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Comparative biology of tropical Lethrinus species (Lethrinidae): challenges for multi‐species management

Comparative biology of tropical Lethrinus species (Lethrinidae): challenges for multi‐species... Life‐history characteristics of six tropical Lethrinus species sampled from the Great Barrier Reef World Heritage Area were compared. Two species groups were identified based on fork length (LF): large species with maximum LF > 640 mm (longface emperor Lethrinus olivaceus, yellowlip emperor Lethrinus xanthochilus and spangled emperor Lethrinus nebulosus) and small species with maximum LF < 480 mm (Pacific yellowtail emperor Lethrinus atkinsoni, pink ear emperor Lethrinus lentjan and ornate emperor Lethrinus ornatus). Lifespan was not correlated with LF. Early growth for all species was rapid and similar during the first few years of life, but coefficients of the von Bertalanffy growth function varied considerably among species. Growth also differed between sexes for L. atkinsoni. Reproductive characteristics varied among species, with peak periods of spawning occurring in November to December for L. atkinsoni, July to August for L. nebulous, September to October for L. olivaceus and a protracted season for L. lentjan, although fewer samples were available for the last two species. Sex‐specific LF and age distributions and gonad histology of L. lentjan were suggestive of a functional protogynous reproductive pattern, as observed in other lethrinids. Gonad histology indicated non‐functional protogynous hermaphroditism for L. atkinsoni and L. nebulosus. The diversity of life histories among these closely related species emphasizes the difficulty in devising single management strategies appropriate for multi‐species fisheries and illustrates the importance of understanding species‐specific life histories to infer responses to exploitation. http://www.deepdyve.com/assets/images/DeepDyve-Logo-lg.png Journal of Fish Biology Wiley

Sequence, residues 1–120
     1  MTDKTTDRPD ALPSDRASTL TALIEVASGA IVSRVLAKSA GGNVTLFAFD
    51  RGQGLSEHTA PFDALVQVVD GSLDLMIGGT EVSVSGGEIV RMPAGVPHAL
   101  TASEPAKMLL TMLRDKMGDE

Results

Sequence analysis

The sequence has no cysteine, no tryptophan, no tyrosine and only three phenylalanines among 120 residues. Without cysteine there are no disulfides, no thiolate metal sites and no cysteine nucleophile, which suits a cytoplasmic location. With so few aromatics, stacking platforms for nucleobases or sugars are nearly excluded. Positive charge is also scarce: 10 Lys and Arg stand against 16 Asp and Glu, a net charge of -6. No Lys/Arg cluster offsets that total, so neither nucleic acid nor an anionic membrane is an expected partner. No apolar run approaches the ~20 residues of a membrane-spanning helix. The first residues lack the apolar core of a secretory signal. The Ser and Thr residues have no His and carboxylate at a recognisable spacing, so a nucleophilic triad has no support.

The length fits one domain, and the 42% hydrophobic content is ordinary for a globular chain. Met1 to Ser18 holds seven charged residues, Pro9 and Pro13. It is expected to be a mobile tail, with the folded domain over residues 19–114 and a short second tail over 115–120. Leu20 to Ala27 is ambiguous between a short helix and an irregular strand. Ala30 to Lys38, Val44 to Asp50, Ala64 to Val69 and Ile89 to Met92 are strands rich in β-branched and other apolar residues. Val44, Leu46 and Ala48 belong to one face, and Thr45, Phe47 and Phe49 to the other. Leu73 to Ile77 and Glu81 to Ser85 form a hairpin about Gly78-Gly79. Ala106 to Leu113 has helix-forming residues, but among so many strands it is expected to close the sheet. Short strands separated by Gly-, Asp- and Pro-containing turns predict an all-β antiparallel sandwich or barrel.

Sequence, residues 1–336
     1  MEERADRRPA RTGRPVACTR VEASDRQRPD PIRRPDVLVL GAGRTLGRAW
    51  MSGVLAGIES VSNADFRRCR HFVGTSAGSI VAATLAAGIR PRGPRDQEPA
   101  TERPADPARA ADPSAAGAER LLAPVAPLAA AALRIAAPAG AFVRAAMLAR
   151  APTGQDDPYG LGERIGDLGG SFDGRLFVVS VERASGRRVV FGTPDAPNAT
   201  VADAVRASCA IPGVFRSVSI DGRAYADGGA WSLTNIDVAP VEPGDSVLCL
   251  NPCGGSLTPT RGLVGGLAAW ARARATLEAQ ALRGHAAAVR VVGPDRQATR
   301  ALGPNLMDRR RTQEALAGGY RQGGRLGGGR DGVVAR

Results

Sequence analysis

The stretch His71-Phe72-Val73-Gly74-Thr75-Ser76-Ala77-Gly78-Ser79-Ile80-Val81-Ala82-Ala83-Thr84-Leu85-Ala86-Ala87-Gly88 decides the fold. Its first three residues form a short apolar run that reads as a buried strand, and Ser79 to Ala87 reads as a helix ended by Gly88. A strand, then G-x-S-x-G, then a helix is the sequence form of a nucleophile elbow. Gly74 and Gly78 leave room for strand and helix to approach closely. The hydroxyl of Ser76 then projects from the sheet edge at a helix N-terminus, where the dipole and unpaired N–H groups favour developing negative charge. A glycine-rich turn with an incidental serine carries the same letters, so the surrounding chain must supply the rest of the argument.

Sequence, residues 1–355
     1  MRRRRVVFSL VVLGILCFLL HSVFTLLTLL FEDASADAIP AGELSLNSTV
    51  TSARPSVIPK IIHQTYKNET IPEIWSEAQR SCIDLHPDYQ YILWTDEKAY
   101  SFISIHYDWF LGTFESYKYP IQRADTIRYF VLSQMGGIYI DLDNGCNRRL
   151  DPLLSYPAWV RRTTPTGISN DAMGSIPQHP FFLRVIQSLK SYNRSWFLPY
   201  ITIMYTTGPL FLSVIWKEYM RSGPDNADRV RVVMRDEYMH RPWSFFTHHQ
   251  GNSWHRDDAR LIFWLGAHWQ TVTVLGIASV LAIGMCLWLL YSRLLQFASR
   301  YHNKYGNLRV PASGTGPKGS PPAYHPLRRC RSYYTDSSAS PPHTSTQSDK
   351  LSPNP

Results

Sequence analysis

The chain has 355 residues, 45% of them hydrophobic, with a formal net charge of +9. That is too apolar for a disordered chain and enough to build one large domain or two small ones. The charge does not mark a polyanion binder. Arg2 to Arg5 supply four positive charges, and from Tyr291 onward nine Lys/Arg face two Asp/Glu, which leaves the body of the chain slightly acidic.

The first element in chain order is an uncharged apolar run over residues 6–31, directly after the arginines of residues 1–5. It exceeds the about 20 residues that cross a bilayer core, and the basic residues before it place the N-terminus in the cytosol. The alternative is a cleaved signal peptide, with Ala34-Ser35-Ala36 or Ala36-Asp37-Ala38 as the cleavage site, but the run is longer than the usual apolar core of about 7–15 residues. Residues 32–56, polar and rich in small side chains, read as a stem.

Comparative biology of tropical Lethrinus species (Lethrinidae): challenges for multi‐species management

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References (64)

Publisher
Wiley
Copyright
"Journal of Fish Biology © 2013 The Fisheries Society of the British Isles"
ISSN
0022-1112
eISSN
1095-8649
DOI
10.1111/jfb.3495
pmid
23464543
Publisher site
See Article on Publisher Site

Abstract

Life‐history characteristics of six tropical Lethrinus species sampled from the Great Barrier Reef World Heritage Area were compared. Two species groups were identified based on fork length (LF): large species with maximum LF > 640 mm (longface emperor Lethrinus olivaceus, yellowlip emperor Lethrinus xanthochilus and spangled emperor Lethrinus nebulosus) and small species with maximum LF < 480 mm (Pacific yellowtail emperor Lethrinus atkinsoni, pink ear emperor Lethrinus lentjan and ornate emperor Lethrinus ornatus). Lifespan was not correlated with LF. Early growth for all species was rapid and similar during the first few years of life, but coefficients of the von Bertalanffy growth function varied considerably among species. Growth also differed between sexes for L. atkinsoni. Reproductive characteristics varied among species, with peak periods of spawning occurring in November to December for L. atkinsoni, July to August for L. nebulous, September to October for L. olivaceus and a protracted season for L. lentjan, although fewer samples were available for the last two species. Sex‐specific LF and age distributions and gonad histology of L. lentjan were suggestive of a functional protogynous reproductive pattern, as observed in other lethrinids. Gonad histology indicated non‐functional protogynous hermaphroditism for L. atkinsoni and L. nebulosus. The diversity of life histories among these closely related species emphasizes the difficulty in devising single management strategies appropriate for multi‐species fisheries and illustrates the importance of understanding species‐specific life histories to infer responses to exploitation.

Journal

Journal of Fish BiologyWiley

Published: Mar 1, 2013

Keywords: ; ; ; ;

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